Friday, 9 November 2012

Tom Jones and Mousse T 'Sex Bomb'

Chart Peak: 3

With a career spanning over 4 decades, Tom Jones continued to snare a new generation of fans in 2000, winning the Brit Award for Best British Male and enjoying the continuing popularity of No1 album Reload... New Tom Jones "disciples" might like to know that he's been an icon of cool for some time - in 1992 he appeared in cult cartoon The Simpsons, serenading Marge and Homer with a belting rendition of 'It's Not Unusual'.
If you thought Kylie was an industry veteran, Jones The Voice is on an different level entirely, having turned 60 the month before Now 46 was released. He too was enjoying a significant comeback: of course he'd never fallen into real obscurity and was always respected for his talents, and could sell out a decent run in Vegas. I doubt he was ever short of a bob or two either but he had seemingly reached a point where he was way out of touch with the pop market. In the 25 years from 1974 onwards he had only seven Top 40 singles, including a re-release of 'It's Not Unusual' and a charity single. So the Reload collaborations album was a master-stroke (it coincided with Santana reinvigorating his career by similar means in the US, although I don't know whether there was any connection - either way, soon everyone was trying it).

'Sex Bomb' was the highest-charting of the five hit singles from the album but something of an odd one out, as the only one of the five not to feature a prominent vocalist other than Jones: his collaborator here is dance producer Mousse T, best known for 1998's (and Now 40's) 'Horny'. I believe the track was originally planned for a Mousse T project, which would explain it. As you'd have guessed from the title and the people involved, it's not a subtle piece of music, which manages to combine a tired warfare/sex metaphor with lyrics that sound like they've been through several levels of machine translation, including the impressively garbled "Yes I must react to claims of those who say that you are not all there, ha ha ha." He also compliments his paramour on knowing "the way to go to sex me slow", although when the word "sex" is used as a transitive verb it usually means "determine the sex of", and I can't imagine it ever taking anyone that long to do so with him. The music (at least on the remixed version that features here and was the actual hit) replicates the brassy style of Mousse T's previous hit, and the result is something a bit uncomfortable, although certainly not the worst song ever in that regard thanks to a lack of serious intent. It's awful but one of those awful records that you have to have a grudging respect for because it's so thorough about it.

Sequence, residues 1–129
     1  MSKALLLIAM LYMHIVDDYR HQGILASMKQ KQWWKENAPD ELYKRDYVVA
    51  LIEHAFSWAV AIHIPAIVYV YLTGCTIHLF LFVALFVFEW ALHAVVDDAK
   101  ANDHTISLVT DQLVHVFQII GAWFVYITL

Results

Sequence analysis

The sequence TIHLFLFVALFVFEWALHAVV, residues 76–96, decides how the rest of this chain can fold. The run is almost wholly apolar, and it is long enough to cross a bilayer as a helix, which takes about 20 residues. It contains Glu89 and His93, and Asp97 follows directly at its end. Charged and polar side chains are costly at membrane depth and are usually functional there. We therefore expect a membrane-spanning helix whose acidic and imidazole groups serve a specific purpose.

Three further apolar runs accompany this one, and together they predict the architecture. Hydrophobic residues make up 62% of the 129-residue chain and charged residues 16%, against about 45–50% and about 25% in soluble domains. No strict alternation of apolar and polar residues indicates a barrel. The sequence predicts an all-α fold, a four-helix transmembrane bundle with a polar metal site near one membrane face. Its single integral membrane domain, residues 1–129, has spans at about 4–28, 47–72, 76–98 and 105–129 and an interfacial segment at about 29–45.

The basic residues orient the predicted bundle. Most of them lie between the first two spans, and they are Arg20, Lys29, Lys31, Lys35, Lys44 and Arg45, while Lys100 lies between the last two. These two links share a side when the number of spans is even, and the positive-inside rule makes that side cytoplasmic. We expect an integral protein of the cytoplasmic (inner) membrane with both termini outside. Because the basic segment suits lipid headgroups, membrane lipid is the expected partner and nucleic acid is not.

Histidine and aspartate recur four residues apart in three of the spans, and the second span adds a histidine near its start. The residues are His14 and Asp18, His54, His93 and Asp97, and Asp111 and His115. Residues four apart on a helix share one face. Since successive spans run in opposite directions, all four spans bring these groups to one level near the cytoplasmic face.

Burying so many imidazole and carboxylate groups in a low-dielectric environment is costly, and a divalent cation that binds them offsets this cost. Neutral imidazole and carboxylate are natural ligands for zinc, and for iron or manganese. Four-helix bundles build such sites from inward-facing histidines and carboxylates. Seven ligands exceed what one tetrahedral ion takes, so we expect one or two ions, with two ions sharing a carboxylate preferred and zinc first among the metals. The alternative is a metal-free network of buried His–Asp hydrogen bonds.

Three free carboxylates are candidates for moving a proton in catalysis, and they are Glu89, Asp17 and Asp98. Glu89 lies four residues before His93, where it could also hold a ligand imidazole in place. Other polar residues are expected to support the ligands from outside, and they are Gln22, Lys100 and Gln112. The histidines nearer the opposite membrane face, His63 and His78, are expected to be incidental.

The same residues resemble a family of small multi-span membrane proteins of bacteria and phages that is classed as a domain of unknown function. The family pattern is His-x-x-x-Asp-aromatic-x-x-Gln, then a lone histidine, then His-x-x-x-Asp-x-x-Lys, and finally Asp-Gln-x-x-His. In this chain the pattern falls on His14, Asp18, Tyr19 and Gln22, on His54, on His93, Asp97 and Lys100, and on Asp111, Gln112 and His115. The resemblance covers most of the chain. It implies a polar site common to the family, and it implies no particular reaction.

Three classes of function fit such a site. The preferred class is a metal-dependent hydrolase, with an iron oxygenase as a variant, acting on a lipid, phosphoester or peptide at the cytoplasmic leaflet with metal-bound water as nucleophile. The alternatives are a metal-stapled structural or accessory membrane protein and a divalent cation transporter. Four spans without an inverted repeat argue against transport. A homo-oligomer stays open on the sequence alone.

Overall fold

Like Kylie, Jones obviously benefited from timing and trends supporting his comeback; pretty much anyone who sticks around long enough eventually becomes cool, and the revival of the crooner and easy-listening styles helped to pave the way for a revival too - not that he necessarily fits into those categories himself, and still less would he see himself as such, but I think it revived interest in strong singers which he certainly is. Still it was no guaranteed success; indeed he proved this a couple of years later with the ill-advised hip-hop album Mr. Jones. A decade or so later, he's rebooted his image again, this time as a serious, grey-haired, often religious blues singer to some success. He's made some of the best records of his career in that style but is that the real Tom Jones/Thomas Woodward? Is this? We'll probably never really know.

Tom Jones also appears on: Now 13 [with Art Of Noise]; 44 [with The Cardigans]; 45 [with Stereophonics]; 47 [with Heather Small]; 64 [with Chicane]; 72 (with Vanessa Jenkins, Bryn West and Robin Gibb)
Mousse T also appears on: No 40 [with Hot N Juicy]; 59 [with Emma Langford]; [64 with Dandy Warhols]
Available on:Now That's What I Call A Wedding

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